Throwing Dad under the bed




Roy, David

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This research examines and analyses the experiences of four fathers as they negotiated British Columbia‘s child welfare system in an effort to maintain a relationship with their children and step children. While the particulars of their experiences with social workers and allied professions vary, their experiences with the child welfare system and child protection social workers reveal common themes. These fathers told stories of being ignored, mistrusted, misled and placed under surveillance by child protection social workers employed by the Ministry of Children and Family Development. These fathers‘ experiences suggests that the British Columbia child welfare agency is ignoring research from Lamb (1997, 2001, 2004), Strega (2005), Brown (2009) and Scourfield (2001, 2002, 2003) that stresses the importance of involving fathers in the lives of their children for reasons of both safety and well-being. This is particularly the case for children engaged in the child welfare system according to O‘Hagan (1997), Peled (2000) and Brown (2009). Social work and institutional practices that fail to include fathers in their children‘s lives without justification are not only oppressive with respect to the adults involved but fail to consider the best interests, needs and rights of children. The thesis concludes that when social workers in child welfare metaphorically ―throw fathers under the bed‖ they are both creating paternal ghosts and failing children by violating their fundamental human rights and undermining beneficial family relationships as stipulated under the United Nations Convention on the Rights of the Child.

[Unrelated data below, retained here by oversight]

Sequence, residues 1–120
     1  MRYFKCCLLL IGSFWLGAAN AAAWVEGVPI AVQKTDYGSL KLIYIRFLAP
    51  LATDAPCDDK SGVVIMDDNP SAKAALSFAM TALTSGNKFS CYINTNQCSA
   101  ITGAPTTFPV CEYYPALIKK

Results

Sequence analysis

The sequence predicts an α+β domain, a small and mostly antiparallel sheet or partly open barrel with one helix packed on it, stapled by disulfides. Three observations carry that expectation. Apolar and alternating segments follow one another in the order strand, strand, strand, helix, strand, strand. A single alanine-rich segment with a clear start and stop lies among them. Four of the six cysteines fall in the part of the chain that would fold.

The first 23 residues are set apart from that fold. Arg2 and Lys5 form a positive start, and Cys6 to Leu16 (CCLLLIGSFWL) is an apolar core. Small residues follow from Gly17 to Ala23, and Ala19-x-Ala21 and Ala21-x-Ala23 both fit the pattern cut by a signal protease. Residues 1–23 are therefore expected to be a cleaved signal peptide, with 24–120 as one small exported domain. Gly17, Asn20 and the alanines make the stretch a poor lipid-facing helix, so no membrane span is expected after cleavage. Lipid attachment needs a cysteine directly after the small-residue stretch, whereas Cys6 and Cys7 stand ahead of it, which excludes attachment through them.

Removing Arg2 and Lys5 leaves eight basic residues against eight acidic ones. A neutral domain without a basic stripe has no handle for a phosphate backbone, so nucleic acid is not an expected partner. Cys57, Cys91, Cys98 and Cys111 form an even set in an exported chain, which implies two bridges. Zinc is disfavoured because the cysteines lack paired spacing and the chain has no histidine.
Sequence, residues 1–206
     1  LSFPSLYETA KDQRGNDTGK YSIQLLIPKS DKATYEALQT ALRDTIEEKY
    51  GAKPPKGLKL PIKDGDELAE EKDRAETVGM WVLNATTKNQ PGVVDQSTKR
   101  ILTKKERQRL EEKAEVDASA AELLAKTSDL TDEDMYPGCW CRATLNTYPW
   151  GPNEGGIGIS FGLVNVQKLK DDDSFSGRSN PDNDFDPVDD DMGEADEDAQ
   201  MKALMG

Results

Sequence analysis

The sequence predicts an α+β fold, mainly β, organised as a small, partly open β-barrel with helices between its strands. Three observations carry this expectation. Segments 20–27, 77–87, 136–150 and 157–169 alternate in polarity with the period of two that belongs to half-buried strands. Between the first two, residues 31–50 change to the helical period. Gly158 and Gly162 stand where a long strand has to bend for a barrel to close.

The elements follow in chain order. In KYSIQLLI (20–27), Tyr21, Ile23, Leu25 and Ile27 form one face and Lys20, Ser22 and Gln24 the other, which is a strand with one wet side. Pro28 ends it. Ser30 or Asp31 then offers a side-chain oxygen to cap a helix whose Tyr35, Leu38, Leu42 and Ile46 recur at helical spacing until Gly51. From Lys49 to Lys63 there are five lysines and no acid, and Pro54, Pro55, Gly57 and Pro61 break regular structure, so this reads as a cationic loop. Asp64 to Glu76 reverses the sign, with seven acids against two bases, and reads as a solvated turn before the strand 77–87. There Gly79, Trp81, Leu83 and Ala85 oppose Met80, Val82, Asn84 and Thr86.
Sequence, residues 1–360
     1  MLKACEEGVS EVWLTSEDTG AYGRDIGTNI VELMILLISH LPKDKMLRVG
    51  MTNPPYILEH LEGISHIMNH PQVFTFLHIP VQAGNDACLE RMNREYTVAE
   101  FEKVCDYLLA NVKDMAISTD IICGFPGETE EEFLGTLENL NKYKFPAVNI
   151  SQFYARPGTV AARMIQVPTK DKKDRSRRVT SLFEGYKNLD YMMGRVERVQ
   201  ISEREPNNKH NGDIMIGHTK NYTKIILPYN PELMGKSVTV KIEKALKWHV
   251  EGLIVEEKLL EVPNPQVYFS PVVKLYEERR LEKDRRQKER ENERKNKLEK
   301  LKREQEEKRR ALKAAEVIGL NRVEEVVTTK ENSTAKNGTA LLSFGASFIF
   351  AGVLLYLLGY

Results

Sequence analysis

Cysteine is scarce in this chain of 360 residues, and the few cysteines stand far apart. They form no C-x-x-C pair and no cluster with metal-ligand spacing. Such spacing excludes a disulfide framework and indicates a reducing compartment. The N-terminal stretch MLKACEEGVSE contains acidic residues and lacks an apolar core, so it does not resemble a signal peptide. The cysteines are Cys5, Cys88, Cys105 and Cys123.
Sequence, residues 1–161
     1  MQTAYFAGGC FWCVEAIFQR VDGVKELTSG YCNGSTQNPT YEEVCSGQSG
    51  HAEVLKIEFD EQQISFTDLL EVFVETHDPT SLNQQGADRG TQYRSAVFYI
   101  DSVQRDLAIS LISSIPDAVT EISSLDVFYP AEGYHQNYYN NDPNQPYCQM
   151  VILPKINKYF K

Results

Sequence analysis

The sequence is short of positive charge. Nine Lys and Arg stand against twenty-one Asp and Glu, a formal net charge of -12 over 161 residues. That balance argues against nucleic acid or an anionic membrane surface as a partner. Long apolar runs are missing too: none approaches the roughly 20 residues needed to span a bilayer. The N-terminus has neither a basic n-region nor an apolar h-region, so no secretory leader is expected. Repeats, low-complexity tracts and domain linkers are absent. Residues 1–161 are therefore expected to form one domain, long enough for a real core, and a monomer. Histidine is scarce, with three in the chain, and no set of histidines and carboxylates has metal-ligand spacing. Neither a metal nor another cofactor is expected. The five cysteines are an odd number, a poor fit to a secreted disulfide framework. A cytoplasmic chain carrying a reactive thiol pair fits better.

father and child, stepfathers, families